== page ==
BofA sponsor chief: ‘We’re willing to walk’
As a sponsor of Major League Baseball since 2004, with team deals in baseball’s largest markets, Bank of America swings a heavy bat among corporate sponsors. During the recent MLB All-Star Game, longtime BofA sponsorship chief Charles Greenstein discussed some key industry issues.
How are you fitting MLB into your overall messaging and how has that changed?
We look for brand/product messaging and amplification, community impact, along with client and fan engagement, for our MLB assets, which includes our league deal and seven team deals with the Red Sox, Yankees, Dodgers, Giants, Cardinals, Astros and Orioles. Those assets allow us to differentiate in the local markets. League rights are the connective tissue, but it’s the clubs that allow us to deliver it all.
Overall, we’re still centered on mobile banking, the “It’s better when we’re connected” message about our mobile banking offerings.
How healthy is MLB?
There’s ratings slippage across sports, and across TV, really. MLB ratings are OK. We’ve seen attendance down a bit this year, which started with weather. The bigger issue, I believe, is cost of entry across sports. You’ve seen what the Atlanta Falcons have done with concession pricing and what the Baltimore Orioles have done with free tickets for kids. … If ratings continue to slip, you have to wonder if media outlets can continue to sell ad units for enough. I keep saying it will fall in on itself, but that hasn’t happened yet.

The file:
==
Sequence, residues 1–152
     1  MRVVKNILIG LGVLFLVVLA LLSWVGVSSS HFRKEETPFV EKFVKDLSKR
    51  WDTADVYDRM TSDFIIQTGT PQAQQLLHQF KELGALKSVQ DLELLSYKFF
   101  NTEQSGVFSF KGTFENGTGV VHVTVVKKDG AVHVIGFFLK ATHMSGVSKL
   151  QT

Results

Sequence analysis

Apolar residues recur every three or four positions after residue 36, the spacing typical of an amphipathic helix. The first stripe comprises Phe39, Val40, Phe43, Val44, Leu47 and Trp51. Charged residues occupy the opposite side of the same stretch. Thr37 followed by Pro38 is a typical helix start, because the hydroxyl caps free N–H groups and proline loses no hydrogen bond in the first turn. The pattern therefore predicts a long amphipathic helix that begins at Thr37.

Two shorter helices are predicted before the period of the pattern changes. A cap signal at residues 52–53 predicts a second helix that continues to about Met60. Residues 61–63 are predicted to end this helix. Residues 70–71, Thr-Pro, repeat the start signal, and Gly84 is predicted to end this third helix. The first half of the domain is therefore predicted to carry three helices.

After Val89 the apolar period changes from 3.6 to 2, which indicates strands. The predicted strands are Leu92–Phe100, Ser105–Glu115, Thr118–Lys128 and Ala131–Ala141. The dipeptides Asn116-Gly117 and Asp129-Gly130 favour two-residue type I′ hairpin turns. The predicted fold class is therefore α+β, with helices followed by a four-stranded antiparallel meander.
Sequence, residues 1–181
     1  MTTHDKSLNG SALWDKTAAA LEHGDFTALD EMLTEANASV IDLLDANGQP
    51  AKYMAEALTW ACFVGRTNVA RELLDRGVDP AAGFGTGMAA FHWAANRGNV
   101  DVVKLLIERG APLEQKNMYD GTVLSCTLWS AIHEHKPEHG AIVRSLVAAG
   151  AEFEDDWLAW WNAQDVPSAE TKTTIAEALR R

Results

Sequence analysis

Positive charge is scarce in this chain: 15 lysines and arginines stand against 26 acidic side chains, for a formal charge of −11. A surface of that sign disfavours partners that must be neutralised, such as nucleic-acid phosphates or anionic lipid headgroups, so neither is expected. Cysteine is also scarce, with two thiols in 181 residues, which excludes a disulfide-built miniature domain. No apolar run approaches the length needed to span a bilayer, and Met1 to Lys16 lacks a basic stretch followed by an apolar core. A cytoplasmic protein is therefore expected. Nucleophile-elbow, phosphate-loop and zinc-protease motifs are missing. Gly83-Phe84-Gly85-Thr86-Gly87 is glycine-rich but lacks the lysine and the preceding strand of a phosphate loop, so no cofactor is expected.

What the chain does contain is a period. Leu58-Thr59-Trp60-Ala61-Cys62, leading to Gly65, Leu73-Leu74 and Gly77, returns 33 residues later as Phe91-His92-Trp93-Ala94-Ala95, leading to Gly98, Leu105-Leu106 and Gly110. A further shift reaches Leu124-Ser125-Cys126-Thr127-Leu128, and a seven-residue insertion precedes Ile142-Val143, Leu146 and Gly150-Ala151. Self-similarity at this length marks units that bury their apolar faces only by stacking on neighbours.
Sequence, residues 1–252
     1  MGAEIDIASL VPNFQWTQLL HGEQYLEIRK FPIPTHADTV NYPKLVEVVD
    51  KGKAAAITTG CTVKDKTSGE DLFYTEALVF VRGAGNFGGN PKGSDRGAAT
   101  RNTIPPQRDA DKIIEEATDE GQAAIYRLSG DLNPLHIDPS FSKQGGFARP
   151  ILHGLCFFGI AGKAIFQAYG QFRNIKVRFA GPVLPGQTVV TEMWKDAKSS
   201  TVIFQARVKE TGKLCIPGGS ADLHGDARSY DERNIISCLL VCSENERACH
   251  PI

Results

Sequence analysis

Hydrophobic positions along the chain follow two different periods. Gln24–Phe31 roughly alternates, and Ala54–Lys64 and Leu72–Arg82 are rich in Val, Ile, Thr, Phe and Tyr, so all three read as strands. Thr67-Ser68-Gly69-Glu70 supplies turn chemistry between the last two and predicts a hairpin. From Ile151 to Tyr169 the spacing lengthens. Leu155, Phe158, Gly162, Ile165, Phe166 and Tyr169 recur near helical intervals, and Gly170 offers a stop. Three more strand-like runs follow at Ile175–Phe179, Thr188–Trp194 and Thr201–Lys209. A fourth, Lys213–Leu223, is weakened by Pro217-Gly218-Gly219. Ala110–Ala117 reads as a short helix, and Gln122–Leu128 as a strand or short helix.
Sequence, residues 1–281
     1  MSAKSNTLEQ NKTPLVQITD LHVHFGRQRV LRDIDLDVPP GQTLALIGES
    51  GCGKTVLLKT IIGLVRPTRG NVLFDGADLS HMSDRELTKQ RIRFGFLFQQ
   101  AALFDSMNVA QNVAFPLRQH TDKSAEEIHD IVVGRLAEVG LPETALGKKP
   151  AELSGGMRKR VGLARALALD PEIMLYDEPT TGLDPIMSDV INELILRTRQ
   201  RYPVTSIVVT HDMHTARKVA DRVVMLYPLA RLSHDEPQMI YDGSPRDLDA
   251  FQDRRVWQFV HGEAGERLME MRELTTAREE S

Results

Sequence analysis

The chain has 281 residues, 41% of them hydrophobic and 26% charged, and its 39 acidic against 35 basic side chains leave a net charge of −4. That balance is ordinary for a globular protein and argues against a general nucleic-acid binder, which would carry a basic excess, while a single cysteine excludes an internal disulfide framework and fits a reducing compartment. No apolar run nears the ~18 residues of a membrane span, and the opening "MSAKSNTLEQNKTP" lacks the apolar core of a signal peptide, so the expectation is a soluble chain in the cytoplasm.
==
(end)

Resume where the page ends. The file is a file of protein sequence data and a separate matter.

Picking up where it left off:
That’s media, what about on the sponsorship side?
It’s only slightly different. I have a large team renewal and they are asking for a 25 percent increase. … You wonder if they are just throwing numbers against the wall. They were talking about ratings and attendance increases, but if we’re doing our jobs right, we were some part of that. So I told them they owe us a check for $3.1 million and here’s why. This was a conversation that started with them saying “Our brand stands on its own, it’s iconic, it’s not about revenue needs” and ended with “We’re under a lot of pressure to get more sponsorship money.” What a lot of them don’t understand is that we’re willing to walk, and there are more sponsors feeling that way.
Is that an isolated example?
Well, I look at some new facilities, like the Sports & Entertainment District being built in L.A. for the Chargers and the Rams. We’ve done the analysis and I have a hard time seeing how you can get a multiple on the return as a founding sponsor for what they are asking. (Editor’s note: The asking price is $10 million and up.) I feel the same way about what Chase paid for the [Golden State Warriors’] new arena, but they badly wanted entry to that market and the whole West Coast.
As a longtime baseball sponsor, how do you feel about legal bookmakers potentially becoming a fellow sponsor?
Today, you’re not going to see Bank of America, or any bank, associate itself with gambling, or even on the same page, or in the same commercial pod. I think it brings the whole game into question. You saw what the ATP did, banning gambling sponsorships. I find it interesting that the leagues and teams are looking at this and saying they want their piece. I struggle with it. But it’s probably the next great frontier as leagues and teams look for new revenue.